If Fraser is the guy to glue the performance together it’s Andy Alexander’s job to glue the elements of the stage together. He’s the go-to guy for Flume as well. Andy’s an expert in optimising a stage setup with a computer at its heart and then doing all he can to ensure there are no catastrophic failures.

Andy Alexander: A lot of it is in keeping the show file super lean. By which I mean, keeping the file size down by refining your use of samples — lose anything that’s unnecessary.

I like to keep the CPU usage ticking along at around 10% to give ourselves plenty of CPU headroom for performing.

Depending on who’s playing and how percussive the playing is, you obviously need to have low latency. As you lower the latency settings you’re geometrically increasing the processing required. It’s a compromise. I’ll work on a happy medium with the player, such that they’re playing with the highest latency they can put up with —  it’s not bothering them but we’re keeping the processing power lower.

Hugo is clever with Ableton. Other than adjusting the buffer and cleaning out old files and samples, his show file was already pretty optimal.

During the show I’m screen sharing from side of stage. If I see something going awry I’ll use a break in the set to physically swap computers. If there’s something weird happening I can control it and I’ll hopefully avert disaster via a screen share.


Andy: The second most important thing on stage for stability, is cable discipline — having redundant power and signal lines built into your looms so you can troubleshoot and fault find quickly.

Experience helps. Experience allows you to quickly fault find based on your own range of experiences. For example, after a while you’ll become familiar with the sounds a computer makes when it’s going to fail.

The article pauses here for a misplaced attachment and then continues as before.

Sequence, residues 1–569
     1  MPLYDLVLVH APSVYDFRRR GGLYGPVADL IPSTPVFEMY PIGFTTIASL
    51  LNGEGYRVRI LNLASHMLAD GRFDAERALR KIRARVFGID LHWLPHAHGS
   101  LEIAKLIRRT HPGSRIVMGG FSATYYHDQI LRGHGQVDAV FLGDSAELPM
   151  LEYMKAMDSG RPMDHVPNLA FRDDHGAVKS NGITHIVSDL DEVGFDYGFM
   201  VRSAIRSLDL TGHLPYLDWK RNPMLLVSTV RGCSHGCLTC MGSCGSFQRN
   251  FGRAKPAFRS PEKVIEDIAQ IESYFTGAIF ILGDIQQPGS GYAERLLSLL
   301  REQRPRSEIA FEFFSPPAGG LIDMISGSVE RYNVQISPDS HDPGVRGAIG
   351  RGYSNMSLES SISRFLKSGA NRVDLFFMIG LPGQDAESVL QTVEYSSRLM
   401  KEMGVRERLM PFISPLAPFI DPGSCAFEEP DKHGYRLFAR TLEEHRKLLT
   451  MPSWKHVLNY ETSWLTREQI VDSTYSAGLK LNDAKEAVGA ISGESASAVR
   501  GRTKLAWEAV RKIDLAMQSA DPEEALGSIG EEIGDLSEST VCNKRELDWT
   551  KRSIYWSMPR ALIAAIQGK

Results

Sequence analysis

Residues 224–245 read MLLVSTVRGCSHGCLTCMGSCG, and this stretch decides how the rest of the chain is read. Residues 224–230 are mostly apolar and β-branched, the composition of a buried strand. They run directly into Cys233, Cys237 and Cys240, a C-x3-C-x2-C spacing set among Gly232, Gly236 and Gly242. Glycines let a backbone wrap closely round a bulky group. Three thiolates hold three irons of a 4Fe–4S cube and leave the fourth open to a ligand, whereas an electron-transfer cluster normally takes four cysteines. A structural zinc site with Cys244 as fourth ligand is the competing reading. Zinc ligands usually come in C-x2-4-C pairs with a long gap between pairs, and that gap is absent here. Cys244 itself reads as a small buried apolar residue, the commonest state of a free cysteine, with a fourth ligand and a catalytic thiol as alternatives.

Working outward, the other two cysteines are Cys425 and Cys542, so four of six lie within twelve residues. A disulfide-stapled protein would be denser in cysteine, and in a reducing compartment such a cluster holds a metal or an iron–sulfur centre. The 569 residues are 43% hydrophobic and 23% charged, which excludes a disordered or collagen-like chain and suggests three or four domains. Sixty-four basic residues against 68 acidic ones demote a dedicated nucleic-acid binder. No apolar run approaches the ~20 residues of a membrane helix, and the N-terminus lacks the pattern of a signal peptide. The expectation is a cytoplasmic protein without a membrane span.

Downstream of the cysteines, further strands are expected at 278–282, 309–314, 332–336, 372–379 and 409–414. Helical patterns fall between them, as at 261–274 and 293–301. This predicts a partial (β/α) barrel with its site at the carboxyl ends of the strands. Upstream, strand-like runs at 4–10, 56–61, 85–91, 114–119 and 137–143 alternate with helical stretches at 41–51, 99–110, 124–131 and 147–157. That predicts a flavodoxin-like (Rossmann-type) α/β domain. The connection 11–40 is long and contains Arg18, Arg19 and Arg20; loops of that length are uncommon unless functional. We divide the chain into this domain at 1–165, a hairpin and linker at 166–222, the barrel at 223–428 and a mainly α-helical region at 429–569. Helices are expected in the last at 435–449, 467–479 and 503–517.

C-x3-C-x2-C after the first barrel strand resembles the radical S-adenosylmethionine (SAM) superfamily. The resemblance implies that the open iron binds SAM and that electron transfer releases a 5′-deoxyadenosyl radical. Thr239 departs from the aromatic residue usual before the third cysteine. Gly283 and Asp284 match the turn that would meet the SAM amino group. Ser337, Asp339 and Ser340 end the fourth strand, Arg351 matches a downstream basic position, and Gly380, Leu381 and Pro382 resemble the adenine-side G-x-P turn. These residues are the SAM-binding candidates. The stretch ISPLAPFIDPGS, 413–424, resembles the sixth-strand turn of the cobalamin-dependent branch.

Low voltage plug packs are everywhere but not designed for road use. Which is why we’ll design our own custom junction boxes and power supplies. 

Building your own cables and looms is a real asset. I’ll routinely build looms that combine a particular combination of cables, all individually assessed for length to fit the setup. The cables mean you can set up quickly and help ensure something isn’t accidentally pulled out of the back of a unit. 


Andy: For a computer on stage it’s all about stability and efficiency. As playback and stage guys we try to avoid the use of third-party VSTs in a live setting. The soft synths that come with Live are low in CPU usage and they’re stable. We use built-in Ableton instruments like Analog or Tension.

The vocoder is from within the Ableton Live Analog synth. Hugo doesn’t use the MicroKorg’s vocoder live, but will use it to trigger Analog as the carrier synth. Otherwise he’ll use the MicroKorg as a controller synth of bass sounds. He’ll use the other controller keyboard for another sound in another octave range.


To understand the job of Flight Facilities’ sound guys, you need to be thinking in terms of finesse, preparation and attention to detail, not big fader flourishes.

Fraser Walker describes production rehearsals as a great opportunity to get way beyond the meat ’n’ spuds of balancing levels and to dive into the one percenters. If there is one device that best sums up Fraser’s fairy dust approach to applying the extra-extra layer of piano gloss lacquer to the Flight Facilities mix, it’s his hardware Kush Audio Clariphonic Parallel Equalizer. 

Fraser: The Clariphonic EQ is my secret sauce for electronic-style music. I run it over the master bus. The front panel doesn’t have frequencies marked on it — the guy who makes them doesn’t like getting hung up on frequencies, he’d rather you use your ears. But there’s detail in the manual. My ‘Focus’ control is set at about 1.4kHz. That’s addressing that ‘top of the snare’ openness. The ‘Clarity’ knob is set to around 32kHz. It’s a little like the silky ‘air’ band you’ll find on a Neve device or the Maag EQ4. I go analogue from the console (via an instance of Waves’ PuigChild compressor, which is just ticking over and an instance of Waves’ L1 limiter) into the Clariphonic, then analogue into the Lake processor and then AES out of the Lake or analogue depending on the venue. Sometimes I’ll tweak the Clariphonic mid-show when we have a full house and high humidity, just to restore some of that ‘air’ in the mix the bodies are soaking up.